One characteristic that differentiates acute mental health services from acute hospital services is the fact that we don't have inpatient waiting lists - essentially all of our adult admissions are emergency admissions.

One characteristic that differentiates acute mental health services from acute hospital services is the fact that we don't have inpatient waiting lists - essentially all of our adult admissions are emergency admissions.

This presents some perennial challenges. During peaks of demand, the use of out-of-area private sector beds can prove expensive and take a service user many miles from family, friends and the local services that know them.

When the care trust was created in Camden and Islington, there was a record of£1.1m each year being spent on private-sector beds. This year we expect to spend less than 20 per cent of that. The twin pillars that have delivered this improvement in financial efficiency and service-user experience are our bed-management policy and bed-management group.

To deliver the policy, the bed-management group meets every week, come rain, snow or shine, personally led by the medical director. The group includes key staff at director, manager and practitioner level, and leaves no stone unturned in the quest for better bed management.

For some time the group reported direct to the weekly executive meetings, but this was faded out as the issue moved from the top of the problem list to much nearer the bottom.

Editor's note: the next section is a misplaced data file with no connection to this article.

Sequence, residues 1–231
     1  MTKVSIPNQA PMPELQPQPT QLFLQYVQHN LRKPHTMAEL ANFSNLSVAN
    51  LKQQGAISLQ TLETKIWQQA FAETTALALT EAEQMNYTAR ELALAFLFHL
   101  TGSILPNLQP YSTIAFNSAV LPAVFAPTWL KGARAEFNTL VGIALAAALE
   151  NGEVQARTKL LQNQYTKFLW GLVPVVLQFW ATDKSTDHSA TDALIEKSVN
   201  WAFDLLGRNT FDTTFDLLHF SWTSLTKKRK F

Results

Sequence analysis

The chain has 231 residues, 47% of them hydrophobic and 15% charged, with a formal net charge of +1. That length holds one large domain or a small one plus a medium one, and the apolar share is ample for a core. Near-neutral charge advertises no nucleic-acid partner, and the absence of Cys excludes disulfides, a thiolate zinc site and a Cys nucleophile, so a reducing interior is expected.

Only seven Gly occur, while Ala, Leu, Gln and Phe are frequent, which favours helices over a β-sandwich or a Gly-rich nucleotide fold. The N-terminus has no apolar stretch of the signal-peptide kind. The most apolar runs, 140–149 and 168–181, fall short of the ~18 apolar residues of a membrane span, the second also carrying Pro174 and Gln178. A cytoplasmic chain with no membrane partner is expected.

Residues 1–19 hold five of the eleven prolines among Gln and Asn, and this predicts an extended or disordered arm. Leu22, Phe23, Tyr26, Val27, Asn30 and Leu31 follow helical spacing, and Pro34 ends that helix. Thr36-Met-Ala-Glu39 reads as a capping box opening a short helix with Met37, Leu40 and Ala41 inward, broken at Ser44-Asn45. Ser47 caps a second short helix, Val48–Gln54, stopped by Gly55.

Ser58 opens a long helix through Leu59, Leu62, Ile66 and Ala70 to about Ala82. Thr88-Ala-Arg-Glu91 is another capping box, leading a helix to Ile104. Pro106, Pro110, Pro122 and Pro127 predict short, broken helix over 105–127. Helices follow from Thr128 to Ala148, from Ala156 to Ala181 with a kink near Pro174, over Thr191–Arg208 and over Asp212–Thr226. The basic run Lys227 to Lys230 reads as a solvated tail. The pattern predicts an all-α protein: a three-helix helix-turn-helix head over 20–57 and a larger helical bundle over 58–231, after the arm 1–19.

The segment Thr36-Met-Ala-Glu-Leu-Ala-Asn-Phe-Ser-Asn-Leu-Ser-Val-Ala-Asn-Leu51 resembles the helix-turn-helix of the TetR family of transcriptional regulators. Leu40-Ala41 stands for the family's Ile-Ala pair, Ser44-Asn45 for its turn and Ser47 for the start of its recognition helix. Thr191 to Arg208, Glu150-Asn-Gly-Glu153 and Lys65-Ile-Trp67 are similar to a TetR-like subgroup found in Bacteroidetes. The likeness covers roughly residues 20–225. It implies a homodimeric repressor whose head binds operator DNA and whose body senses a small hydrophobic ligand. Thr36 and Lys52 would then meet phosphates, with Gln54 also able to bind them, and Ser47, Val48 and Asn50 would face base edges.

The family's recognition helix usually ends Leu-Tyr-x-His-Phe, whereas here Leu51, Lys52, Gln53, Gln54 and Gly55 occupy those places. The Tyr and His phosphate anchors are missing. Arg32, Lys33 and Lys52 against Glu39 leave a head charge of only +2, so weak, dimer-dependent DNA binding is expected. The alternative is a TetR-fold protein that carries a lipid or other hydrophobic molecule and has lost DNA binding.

Our four crisis teams have a key role in gatekeeping access to beds. Before a service user is admitted to hospital, the crisis team must take a referral. Most referrals from accident and emergency generate a face-to-face assessment as to whether or not the crisis team can support the service user and provide an alternative to hospital admission. This happens on a 24-hour basis. The crisis teams also have a growing role in supporting earlier discharge.

The policy has the underlying principle that all service users requiring urgent admission to hospital will be found a bed in their local service. The service always endeavours to admit inpatients to the correct sector ward in the first instance.

If this is not possible, staff work to ensure that the admission is taken within the correct locality, with a commitment to place the inpatient on the correct sector ward within 72 hours. Each sector has a designated number of beds and they have the responsibility to manage their admissions and discharges within their bed base. This requires the sector consultant, lead nurse and community mental health team manager with the support of the crisis team to work closely together to ensure that the sector wards have capacity to take admissions.

Ward teams inform consultants and community mental health team managers of the bed state situation for their sector inpatients. Ward teams also inform the local site duty nurse about bed-management decisions on every occasion rather than making decisions in isolation.

This is all some distance from what Barbara Castle had in mind during her battle against private beds as health secretary from 1974-76, but in a funny sort of way, she might well have approved of quite a lot of this.

David Lee is director of strategic development at Camden and Islington Mental Health and Social Care trust.